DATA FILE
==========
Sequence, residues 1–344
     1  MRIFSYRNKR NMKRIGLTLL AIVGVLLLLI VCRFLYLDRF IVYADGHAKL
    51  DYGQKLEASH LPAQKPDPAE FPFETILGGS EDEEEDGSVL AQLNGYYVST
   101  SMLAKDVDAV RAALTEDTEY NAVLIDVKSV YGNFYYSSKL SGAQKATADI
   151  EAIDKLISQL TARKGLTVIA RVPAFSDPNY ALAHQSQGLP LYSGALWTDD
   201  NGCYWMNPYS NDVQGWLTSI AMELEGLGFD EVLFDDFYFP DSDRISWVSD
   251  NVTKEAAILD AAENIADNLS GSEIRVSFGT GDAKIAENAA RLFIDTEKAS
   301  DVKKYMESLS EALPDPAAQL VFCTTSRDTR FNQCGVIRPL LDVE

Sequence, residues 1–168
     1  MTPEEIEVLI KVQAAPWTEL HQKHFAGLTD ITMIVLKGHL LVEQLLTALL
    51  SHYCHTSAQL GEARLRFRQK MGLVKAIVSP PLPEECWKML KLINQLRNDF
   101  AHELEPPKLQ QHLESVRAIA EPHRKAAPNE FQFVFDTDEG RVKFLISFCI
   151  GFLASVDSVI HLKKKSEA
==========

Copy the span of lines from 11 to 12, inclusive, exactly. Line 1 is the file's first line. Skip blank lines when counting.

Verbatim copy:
    51  SHYCHTSAQL GEARLRFRQK MGLVKAIVSP PLPEECWKML KLINQLRNDF
   101  AHELEPPKLQ QHLESVRAIA EPHRKAAPNE FQFVFDTDEG RVKFLISFCI